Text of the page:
Two weeks after a female pygmy sperm whale and her female calf died after they washed ashore in Jupiter, marine wildlife experts say they will soon conduct tests to figure out not only how the mother died, but how she and her young calf lived.
Although it isn’t clear yet how the 10-foot-long, 1,500-pound mother died, one possibility could be cardiomyopathy, a form of heart disease found in 90 percent of sperm whales stranded on shore, said Steve McCulloch, program manager for Florida Atlantic University’s Harbor Branch Oceanographic Institute.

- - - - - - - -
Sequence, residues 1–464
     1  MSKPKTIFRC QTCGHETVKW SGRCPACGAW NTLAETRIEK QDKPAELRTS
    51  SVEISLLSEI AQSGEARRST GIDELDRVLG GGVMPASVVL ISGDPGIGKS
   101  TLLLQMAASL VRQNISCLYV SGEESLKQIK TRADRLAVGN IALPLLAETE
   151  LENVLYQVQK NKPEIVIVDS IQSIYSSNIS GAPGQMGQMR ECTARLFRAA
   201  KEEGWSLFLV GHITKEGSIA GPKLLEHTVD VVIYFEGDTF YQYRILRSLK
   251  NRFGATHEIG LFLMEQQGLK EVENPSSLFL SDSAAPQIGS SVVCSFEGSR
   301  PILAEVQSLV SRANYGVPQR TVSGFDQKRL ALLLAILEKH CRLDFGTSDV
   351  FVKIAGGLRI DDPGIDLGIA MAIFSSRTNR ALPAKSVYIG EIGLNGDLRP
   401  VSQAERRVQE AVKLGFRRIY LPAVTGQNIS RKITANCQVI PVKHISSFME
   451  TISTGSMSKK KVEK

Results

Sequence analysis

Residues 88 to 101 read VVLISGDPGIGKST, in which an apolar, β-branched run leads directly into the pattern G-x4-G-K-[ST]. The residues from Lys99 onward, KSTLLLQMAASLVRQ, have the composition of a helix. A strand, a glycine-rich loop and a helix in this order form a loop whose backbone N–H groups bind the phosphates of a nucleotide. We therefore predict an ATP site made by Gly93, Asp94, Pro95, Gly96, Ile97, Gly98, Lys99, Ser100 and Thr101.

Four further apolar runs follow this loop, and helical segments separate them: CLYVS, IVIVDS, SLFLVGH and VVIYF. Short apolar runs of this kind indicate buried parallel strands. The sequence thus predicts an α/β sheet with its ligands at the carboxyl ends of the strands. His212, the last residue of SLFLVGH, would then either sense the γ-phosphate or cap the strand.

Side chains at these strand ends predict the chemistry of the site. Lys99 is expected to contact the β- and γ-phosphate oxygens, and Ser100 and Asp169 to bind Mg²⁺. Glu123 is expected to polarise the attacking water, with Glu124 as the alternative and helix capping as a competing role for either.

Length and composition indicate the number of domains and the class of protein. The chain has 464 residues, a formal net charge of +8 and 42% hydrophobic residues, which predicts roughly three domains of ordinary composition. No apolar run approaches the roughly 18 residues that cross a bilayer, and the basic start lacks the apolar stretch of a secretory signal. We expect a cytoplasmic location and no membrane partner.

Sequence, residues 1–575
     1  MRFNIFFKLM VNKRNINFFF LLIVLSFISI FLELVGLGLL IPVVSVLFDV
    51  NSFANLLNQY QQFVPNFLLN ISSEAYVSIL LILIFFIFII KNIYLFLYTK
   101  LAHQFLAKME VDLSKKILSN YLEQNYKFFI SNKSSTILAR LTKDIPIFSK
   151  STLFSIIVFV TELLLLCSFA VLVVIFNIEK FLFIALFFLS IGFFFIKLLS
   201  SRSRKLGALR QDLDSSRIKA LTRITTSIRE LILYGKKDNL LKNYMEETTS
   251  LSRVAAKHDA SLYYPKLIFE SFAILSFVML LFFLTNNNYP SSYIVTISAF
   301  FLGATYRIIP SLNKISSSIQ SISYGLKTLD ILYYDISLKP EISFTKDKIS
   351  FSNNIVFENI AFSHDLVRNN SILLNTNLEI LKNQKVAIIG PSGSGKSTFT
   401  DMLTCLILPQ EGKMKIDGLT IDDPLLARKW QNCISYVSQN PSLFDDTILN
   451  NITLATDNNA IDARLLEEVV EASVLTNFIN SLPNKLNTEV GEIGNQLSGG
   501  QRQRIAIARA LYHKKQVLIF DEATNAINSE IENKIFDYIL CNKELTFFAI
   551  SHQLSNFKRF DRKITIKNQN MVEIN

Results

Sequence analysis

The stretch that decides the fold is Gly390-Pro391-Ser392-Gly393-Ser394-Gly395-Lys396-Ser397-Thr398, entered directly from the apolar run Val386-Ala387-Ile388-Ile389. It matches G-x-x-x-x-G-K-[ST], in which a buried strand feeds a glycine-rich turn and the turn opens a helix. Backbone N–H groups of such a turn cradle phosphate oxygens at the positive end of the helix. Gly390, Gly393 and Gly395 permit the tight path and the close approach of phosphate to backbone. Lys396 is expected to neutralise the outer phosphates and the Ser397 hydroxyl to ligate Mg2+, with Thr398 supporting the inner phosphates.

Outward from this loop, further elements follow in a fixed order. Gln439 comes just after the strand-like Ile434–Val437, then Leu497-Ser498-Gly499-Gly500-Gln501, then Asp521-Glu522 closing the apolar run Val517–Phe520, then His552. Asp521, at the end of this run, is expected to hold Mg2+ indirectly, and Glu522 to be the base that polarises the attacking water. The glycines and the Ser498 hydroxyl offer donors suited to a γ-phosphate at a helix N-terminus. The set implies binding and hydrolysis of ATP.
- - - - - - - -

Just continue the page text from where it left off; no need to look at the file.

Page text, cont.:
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Pygmy sperm whales
- Can grow to as long as 11½ feet and weigh as much as 700 to 1,500 pounds.
- Live in tropical, subtropical and temperate waters
- Often lie motionless at the surface with the back of the head above water.
- Use an ink-like liquid to evade and deter predators
- Can dive up to at least 1,000 feet for food.
Source: National Oceanic and Atmospheric Administration